I. EXECUTIVE SUMMARY
When it was launched in 2005, the goal of the President’s Malaria Initiative ( PMI ) was to reduce malaria - related mortality by 50% across 15 high -burden countries in sub -Saharan Africa through a rapid scale -up of four proven and highly effective malaria prevention and treatment measures: insecticide -treated mosquito nets (ITNs); indoor r esidual spraying (IRS); accurate diagnosis and prompt treatment with artemisinin -based combination therapies (ACTs); and intermittent preventive treatment of pregnant women (IPTp). With the passage of the Tom Lantos and Henry J. Hyde Global Leadership agai nst HIV/AIDS, Tuberculosis, and Malaria Act in 2008, PMI developed a U.S. Government Malaria Strategy for 2009 –2014. This strategy included a long-term vision for malaria control in which sustained high coverage with malaria prevention and treatment interv entions would progressively lead to malaria -free zones in Africa, with the ultimate goal of worldwide malaria eradication by 2040 -2050. Consistent with this strategy and the increase in annual appropriations supporting PMI, four new sub -Saharan African cou ntries and one regional program in the Greater Mekong Subregion of Southeast Asia were added in 2011. The contributions of PMI, together with those of other partners, have led to dramatic improvements in the coverage of malaria control interventions in PMI -supported countries, and all 15 original countries have documented substantial declines in all -cause mortality rates among children less than five years of age.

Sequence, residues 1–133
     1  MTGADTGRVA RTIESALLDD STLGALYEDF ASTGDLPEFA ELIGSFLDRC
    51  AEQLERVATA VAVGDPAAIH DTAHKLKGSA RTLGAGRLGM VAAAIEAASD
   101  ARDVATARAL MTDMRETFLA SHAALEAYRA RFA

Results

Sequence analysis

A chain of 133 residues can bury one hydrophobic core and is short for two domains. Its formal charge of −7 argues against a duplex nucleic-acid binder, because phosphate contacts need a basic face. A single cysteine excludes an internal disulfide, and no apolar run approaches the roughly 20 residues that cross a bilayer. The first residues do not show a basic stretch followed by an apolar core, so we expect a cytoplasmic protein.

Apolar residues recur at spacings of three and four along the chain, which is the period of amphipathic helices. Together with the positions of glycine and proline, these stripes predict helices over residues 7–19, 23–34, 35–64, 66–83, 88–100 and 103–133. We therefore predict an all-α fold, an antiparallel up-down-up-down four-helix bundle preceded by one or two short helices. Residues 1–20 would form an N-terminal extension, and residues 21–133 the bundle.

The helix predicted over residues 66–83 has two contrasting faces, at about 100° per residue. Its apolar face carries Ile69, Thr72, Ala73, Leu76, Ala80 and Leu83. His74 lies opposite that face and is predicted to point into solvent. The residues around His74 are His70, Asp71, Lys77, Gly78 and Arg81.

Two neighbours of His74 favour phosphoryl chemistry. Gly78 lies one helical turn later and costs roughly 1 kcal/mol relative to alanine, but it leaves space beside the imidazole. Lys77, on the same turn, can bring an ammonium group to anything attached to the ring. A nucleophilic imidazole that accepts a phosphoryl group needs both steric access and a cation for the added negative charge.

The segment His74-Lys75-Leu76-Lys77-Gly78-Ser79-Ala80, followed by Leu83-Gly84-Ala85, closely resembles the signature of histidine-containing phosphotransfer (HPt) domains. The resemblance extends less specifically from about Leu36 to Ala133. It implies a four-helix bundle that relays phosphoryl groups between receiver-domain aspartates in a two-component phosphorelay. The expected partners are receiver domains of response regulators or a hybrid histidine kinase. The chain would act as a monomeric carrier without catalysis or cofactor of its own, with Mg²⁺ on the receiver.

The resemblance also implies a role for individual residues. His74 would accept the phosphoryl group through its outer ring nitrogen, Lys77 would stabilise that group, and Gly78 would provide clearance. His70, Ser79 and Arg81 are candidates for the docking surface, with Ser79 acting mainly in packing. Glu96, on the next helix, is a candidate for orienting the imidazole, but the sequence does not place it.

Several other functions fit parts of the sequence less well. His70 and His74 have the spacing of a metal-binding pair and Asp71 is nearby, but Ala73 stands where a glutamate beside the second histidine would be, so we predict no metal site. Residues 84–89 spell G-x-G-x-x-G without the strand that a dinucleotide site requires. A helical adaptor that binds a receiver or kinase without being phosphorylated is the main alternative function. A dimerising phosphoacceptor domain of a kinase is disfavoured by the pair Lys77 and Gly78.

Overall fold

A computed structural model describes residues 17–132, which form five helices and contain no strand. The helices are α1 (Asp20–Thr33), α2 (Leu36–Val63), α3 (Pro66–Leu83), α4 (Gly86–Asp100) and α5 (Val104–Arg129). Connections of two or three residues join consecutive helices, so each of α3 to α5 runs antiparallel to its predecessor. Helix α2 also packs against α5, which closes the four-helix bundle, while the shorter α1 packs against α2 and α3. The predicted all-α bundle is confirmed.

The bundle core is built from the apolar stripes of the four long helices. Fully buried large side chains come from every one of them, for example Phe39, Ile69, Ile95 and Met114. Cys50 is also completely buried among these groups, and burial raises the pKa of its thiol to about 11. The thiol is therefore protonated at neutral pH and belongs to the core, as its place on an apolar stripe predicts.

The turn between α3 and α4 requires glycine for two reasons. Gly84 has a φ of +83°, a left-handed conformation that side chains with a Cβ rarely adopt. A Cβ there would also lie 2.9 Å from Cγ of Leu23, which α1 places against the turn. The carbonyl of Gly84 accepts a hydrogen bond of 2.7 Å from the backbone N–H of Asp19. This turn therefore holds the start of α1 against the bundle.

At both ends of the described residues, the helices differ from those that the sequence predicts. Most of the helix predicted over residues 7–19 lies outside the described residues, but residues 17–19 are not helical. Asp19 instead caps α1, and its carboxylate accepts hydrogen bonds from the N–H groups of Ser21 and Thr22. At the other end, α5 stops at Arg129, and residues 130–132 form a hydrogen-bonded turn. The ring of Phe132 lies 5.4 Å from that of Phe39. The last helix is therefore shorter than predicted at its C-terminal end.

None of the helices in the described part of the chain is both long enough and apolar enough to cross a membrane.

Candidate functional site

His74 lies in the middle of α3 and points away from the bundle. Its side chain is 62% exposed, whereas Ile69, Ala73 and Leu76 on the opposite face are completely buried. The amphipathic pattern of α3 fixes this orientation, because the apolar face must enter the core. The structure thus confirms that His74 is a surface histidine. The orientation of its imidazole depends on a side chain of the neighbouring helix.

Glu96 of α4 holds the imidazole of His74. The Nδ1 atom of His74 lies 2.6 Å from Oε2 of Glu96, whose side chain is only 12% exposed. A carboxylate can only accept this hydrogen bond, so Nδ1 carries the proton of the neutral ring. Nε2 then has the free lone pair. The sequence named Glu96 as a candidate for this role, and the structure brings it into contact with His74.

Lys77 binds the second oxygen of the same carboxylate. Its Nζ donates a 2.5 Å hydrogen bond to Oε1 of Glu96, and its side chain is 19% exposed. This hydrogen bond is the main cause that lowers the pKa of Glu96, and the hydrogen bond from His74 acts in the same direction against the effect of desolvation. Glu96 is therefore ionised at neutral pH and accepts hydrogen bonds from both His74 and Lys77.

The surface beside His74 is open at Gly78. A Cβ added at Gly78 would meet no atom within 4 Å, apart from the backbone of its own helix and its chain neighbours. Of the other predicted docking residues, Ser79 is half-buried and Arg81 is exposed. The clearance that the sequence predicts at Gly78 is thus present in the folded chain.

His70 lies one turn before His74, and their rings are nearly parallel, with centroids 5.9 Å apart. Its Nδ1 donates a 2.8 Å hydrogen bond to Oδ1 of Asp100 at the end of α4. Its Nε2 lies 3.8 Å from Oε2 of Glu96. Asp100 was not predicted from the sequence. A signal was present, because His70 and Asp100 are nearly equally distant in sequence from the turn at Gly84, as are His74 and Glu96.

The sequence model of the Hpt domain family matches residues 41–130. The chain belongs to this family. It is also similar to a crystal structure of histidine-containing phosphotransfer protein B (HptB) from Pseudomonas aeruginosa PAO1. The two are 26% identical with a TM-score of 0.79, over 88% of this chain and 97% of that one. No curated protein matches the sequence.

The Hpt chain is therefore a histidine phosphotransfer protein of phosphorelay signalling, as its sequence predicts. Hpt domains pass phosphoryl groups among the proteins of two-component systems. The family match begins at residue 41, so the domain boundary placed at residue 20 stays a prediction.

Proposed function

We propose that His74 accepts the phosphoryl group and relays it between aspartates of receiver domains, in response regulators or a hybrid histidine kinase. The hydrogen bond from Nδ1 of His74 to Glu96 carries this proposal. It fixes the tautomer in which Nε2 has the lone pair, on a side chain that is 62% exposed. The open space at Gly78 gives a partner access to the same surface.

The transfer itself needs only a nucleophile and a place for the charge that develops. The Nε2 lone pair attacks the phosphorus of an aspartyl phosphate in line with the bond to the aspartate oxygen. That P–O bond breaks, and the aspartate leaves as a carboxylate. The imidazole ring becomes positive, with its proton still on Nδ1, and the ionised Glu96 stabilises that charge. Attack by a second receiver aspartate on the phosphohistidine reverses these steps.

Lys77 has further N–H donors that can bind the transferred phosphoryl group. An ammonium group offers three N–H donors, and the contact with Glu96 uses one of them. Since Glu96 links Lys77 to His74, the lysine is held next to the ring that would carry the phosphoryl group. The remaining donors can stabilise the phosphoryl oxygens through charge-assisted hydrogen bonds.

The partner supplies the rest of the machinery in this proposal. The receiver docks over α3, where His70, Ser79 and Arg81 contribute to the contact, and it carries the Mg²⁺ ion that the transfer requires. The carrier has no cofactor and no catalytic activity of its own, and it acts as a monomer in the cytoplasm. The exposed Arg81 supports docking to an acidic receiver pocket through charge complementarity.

In 2015, PMI launched the next six-year strategy, setting forth a bold and ambitious goal and objectives.
The PMI Strategy for 2015 -2020 takes into account the progress over the past decade and the new challenges that have arisen . Malaria prevention and control remains a major U.S. foreign assistance objective and PMI’s S trategy fully aligns with the U.S. Government’s vision of ending preventable child and maternal deaths and ending extreme poverty. It is also in line with the goals articulated in the RBM Partnership’s second generation g lobal m alaria action plan, Action and Investment to defeat Malaria (AIM) 2016-2030: for a Malaria-Free World and WHO’s updated Global Technical Strategy: 2016 - 2030 . Under the PMI Strategy 2015-2020, the U.S. Government’s goal is to work with PMI-supported countries and partners to further reduce malaria deaths and substantially decrease malaria morbidity, towards the long-term goal of elimination.
Zimbabwe was selected as a PMI focus country in FY 2011.
This FY 2018 Malaria Operational Plan presents a detailed implementation plan for Zimbabwe based on the strategies of PMI and the National Malaria Control Program (NMCP). It was developed in consultation with the NMCP and with the participation of national and international partners involved in malaria prevention and control in the country. The activities that PMI is proposing to support fit in well with the NMCP s trategy and plan and build on investments made by PMI and other partners to improve and expand malaria-related services, including the Global Fund to Fight AIDS, Tuberculosis, and Malaria (Global Fund) malaria grants. This document briefly reviews the current status of malaria control policies and interventions in Zimbabwe , describes progress to date, identifies challenges and unmet needs to achieving the targets of the NMCP and PMI, and provides a description of activities that are planned with FY 20 18 funding.